In an active late December in terms of tropical low formation, the Bureau of Meteorology noted the development of a third weak tropical low [30] in the monsoon trough extending from the tropical waters of the Coral Sea in the east, to the Timor Sea in the west. [31] The revival of monsoonal and related convective activity in the region was associated with a moderate-strength pulse of the Madden-Julian Oscillation moving eastwards across the Maritime Continent. [32] The tropical low, officially designated 07U, was located near the eastern coastline of Cape York Peninsula, and was assessed by the Bureau of Meteorology as having a high chance of intensifying to tropical cyclone strength within the next three days, owing to a favourable atmospheric environment. [30]

Tropical Low 07U tracked slowly westwards, and passed over the east coast of Cape York Peninsula on 30 December, south of the town of Lockhart River. At this point, the Bureau of Meteorology issued its first tropical cyclone advice and forecast track map relating to the system. [33] Maintaining its westward motion, the system emerged over the Gulf of Carpentaria very early in the morning of 31 December, crossing the Queensland coast between Aurukun and Weipa, where generally favourable conditions fuelled intensification. [34] Tropical Low 07U turned eastwards at about midday on 31 December, and proceeded to strengthen into a category 1 tropical cyclone on the Australian scale a few hours later, being named ‘Penny’ by the Bureau of Meteorology. [34]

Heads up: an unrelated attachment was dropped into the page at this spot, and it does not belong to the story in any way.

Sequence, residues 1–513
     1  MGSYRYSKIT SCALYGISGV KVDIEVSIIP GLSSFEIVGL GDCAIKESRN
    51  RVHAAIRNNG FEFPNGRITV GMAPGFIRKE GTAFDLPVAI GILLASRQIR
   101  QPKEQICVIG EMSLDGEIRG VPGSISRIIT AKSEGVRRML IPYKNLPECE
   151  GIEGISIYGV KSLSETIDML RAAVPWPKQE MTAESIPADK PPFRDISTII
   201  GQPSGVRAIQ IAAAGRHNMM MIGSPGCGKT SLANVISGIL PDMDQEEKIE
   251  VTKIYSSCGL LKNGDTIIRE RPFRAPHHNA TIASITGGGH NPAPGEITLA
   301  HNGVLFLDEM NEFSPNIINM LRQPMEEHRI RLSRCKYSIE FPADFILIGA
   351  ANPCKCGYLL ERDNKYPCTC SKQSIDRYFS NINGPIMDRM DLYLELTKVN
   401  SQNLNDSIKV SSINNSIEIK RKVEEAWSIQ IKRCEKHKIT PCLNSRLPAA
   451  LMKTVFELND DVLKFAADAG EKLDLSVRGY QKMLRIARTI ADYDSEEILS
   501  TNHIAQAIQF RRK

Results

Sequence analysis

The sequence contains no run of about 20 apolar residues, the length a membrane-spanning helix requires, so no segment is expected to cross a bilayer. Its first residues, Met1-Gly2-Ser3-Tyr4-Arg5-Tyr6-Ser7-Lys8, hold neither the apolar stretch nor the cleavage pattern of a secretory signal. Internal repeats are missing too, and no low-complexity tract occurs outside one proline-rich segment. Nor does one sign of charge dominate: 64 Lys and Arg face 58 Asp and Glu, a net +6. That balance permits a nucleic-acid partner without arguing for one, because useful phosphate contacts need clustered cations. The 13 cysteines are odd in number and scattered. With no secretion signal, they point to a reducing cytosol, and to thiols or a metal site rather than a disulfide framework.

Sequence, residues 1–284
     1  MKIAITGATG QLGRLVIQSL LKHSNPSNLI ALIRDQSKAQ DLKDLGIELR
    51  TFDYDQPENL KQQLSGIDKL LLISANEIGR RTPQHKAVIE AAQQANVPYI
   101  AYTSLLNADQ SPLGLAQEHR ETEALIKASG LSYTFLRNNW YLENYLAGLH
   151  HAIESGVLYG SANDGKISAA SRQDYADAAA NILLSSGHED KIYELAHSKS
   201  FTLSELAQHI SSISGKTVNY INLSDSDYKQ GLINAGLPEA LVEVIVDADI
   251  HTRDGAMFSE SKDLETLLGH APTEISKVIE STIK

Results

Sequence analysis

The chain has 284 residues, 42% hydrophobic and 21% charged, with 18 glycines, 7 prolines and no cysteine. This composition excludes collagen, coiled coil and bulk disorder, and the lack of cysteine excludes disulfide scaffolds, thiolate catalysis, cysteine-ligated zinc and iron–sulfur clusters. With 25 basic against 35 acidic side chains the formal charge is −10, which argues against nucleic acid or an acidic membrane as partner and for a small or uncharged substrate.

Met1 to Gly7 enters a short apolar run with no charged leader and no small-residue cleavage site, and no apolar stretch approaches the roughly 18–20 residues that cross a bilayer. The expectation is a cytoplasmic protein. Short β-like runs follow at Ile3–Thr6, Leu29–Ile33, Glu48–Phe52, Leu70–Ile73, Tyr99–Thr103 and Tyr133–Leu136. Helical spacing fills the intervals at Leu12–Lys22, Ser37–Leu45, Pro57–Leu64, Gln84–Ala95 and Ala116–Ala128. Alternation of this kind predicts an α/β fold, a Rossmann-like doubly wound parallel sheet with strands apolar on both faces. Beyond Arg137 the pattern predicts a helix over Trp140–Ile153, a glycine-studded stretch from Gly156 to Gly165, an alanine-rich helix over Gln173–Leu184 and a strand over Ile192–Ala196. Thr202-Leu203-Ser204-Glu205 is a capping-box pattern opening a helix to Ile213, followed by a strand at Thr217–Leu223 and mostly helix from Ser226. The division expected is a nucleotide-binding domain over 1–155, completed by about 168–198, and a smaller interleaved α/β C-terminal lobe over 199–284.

Tropical Cyclone Penny made landfall on the western Cape York Peninsula coastline, just south of Weipa, at approximately 15:30 local time on 1 January, [35] generating maximum ten-minute sustained winds of 75 km/h (45 mph) near the centre. The system began to weaken as it tracked over land, and was downgraded to a gale-force tropical low a few hours later, with sustained tropical cyclone-strength winds persisting in the system’s western semicircle. [35] Thursday Island in the Torres Strait recorded ten-minute sustained winds of at least 41 km/h (25 mph) for a period of more than 17 hours while the system moved eastwards across Cape York Peninsula, including sustained winds of up to 65 km/h (40 mph) and gusts to 91 km/h (56 mph). [36] Ex-Tropical Cyclone Penny crossed the east coast of Far North Queensland at Lockhart River in the early hours of the next morning, bringing the system over the warm waters of the Coral Sea for a second time. [37]

Ex-Tropical Cyclone Penny quickly tracked eastwards across the Coral Sea, while regaining the organisation and convective structure that had been eroded due to land interaction over Cape York Peninsula. At 06:00 UTC on 2 January, the Bureau of Meteorology assessed the system as having regained tropical cyclone structure and intensity, and upgraded it to a Category 1 tropical cyclone.

Tropical Low Mona

Tropical low (Australian scale)
Mona 2018-12-29 0325Z.jpg   Mona 2019 track.png
Duration28 December – 31 December (Exited basin)
Peak intensityWinds not specified  1002  hPa  (mbar)

A weak tropical low developed in a monsoon trough stretching across the northern Coral Sea on 28 December, situated in the far northeast of the Eastern Region, near the southern Solomon Islands. [30] The system meandered for a few days without any notable intensification, before moving slowly eastwards out of the Australian region late on 31 December. [38] Upon entering the South Pacific basin, the system was classified as Tropical Disturbance 04F by the Fiji Meteorological Service. The system later intensified into Tropical Cyclone Mona on 2 January.

Tropical Low 11U

Tropical low (Australian scale)
11U 2019-01-24 0700Z.jpg   11U 2019 track.png